1. Introduce national civic service to revive civic participation among young people.This would create a voluntary expectation that every 18-35 year old should do 10 days of unpaid social action each year, with time off work to do so, or undertake a paid “year of service” instead.
  2. Offer young people civic rewards to incentivise community engagement.18-35 year olds who have conducted 10 days of volunteering each year should be eligible for a partial write off of student loan debt, credits towards digital or vocational training, or a national insurance rebate.
  3. Democratise public spaces and high streets to give communities places to come together. In 2020, nearly 1 in 25 vacant high street shops had been vacant for three or more years and councils owned 100,000 empty garages. Ministers should create automatic rights for communities to take over underutilised spaces for enterprise hubs, sports clubs and charities.
  4. Give young people greater security by creating 500,000 new reduced rent homesThis would create a new class of housing – Homes for Young People – available to working tenants under the age of 40. They would have discounted rent by 10-20% below market rates for up to ten years, allowing young people to put down roots and save up towards home ownership.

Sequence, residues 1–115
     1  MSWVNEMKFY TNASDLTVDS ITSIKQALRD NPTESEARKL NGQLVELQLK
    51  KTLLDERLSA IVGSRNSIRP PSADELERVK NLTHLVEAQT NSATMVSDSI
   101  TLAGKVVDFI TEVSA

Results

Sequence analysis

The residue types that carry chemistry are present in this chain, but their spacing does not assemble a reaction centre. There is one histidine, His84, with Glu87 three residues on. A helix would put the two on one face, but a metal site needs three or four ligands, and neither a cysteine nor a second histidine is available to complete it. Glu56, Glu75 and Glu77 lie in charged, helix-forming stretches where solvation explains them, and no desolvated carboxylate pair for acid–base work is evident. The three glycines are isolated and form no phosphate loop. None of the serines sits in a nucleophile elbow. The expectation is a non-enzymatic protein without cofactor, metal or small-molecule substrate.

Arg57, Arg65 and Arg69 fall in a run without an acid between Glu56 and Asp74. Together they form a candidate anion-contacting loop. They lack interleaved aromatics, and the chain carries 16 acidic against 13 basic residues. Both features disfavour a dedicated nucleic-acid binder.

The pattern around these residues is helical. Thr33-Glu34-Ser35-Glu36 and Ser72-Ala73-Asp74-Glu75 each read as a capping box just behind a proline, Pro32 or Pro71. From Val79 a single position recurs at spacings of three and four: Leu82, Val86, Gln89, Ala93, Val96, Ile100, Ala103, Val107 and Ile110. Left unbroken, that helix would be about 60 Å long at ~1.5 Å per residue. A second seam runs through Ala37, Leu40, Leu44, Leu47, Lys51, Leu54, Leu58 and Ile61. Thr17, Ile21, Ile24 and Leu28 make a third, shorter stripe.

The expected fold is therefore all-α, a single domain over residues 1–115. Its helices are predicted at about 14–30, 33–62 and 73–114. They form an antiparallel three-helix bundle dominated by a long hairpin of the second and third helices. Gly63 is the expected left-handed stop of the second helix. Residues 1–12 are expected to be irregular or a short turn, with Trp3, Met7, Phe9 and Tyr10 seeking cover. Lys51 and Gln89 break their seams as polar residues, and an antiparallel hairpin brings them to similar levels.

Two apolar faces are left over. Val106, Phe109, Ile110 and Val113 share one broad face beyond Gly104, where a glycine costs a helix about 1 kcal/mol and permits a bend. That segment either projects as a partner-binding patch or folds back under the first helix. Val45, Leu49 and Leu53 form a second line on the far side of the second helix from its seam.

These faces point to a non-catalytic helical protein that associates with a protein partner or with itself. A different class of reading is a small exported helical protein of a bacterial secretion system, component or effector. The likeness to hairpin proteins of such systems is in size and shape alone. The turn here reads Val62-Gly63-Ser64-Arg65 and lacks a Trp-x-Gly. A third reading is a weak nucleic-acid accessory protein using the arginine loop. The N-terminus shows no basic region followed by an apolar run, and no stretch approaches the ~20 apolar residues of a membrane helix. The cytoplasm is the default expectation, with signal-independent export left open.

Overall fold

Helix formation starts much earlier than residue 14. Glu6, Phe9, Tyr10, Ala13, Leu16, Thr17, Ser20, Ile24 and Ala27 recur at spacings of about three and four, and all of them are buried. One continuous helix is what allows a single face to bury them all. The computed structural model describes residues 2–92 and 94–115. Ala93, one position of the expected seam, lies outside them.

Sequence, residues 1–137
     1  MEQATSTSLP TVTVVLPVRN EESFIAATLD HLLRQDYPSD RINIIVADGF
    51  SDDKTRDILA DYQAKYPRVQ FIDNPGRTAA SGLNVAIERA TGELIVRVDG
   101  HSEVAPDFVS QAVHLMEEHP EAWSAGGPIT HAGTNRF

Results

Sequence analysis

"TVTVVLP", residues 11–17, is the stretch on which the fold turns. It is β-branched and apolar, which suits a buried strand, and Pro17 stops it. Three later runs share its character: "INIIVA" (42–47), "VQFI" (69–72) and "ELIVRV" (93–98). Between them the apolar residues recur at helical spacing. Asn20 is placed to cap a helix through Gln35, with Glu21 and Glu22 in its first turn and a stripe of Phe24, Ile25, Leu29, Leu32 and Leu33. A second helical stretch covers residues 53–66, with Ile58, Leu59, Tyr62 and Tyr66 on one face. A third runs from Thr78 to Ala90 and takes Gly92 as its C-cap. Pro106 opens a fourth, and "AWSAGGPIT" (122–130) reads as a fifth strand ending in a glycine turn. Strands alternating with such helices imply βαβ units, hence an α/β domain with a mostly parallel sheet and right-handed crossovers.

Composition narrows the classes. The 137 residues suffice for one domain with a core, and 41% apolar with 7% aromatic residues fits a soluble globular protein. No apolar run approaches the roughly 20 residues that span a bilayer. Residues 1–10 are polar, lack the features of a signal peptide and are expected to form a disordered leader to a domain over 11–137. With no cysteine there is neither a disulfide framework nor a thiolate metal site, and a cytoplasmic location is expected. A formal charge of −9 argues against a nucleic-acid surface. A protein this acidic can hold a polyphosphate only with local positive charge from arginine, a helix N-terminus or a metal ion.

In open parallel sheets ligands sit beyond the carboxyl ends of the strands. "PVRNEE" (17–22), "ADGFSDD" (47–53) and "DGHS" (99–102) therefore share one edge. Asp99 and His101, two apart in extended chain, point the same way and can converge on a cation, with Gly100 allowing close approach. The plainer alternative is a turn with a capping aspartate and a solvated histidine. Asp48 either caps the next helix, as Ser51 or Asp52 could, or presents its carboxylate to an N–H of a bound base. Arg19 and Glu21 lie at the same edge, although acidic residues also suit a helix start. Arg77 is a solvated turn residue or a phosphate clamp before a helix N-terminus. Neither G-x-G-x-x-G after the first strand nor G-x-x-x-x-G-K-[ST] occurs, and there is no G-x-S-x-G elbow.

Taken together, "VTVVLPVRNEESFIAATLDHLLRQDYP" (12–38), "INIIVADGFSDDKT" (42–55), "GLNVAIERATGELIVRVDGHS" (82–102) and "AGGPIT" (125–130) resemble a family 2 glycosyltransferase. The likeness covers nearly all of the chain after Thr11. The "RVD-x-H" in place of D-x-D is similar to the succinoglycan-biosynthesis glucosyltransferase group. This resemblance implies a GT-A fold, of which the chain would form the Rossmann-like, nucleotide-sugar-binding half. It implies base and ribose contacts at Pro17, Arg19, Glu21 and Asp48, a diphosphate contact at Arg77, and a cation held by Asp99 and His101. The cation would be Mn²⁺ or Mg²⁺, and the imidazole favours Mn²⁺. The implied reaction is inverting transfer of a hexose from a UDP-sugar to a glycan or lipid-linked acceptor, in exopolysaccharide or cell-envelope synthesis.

These figures expose what we might call a “paradox of virtue”. On the one hand, young people are ostensibly the most socially conscious generations in recent history, with more progressive views on social issues, such as inequality and the environment, than both older generations and previous generations of young people. But on the other hand, they are the easily the least socially attached to interpersonal networks or to their neighbourhood, and on most measures of social capital the gap between younger and older generations is widening, exacerbated by the coronavirus pandemic.

This suggests an enormous opportunity if we can transform the social intentions of younger generations into meaningful social action. Qualitative research for this paper reveals that young people are not detached from their communities out of choice, but through lack of opportunity, security and time. If policymakers can create meaningful routes for young people to engage, and the space and freedom to do it, we may emerge from the pandemic to a great civic revival of the kind witnessed at the beginning of the last century.

Social Fabric programme

This report is published as part of Onward’s social fabric programme, which seeks to understand the changing nature of community in different parts of the UK, and explore ways to repair the social fabric of different places in meaningful and practical ways. It is currently supported by the Joseph Rowntree Foundation, Shelter and Power to Change.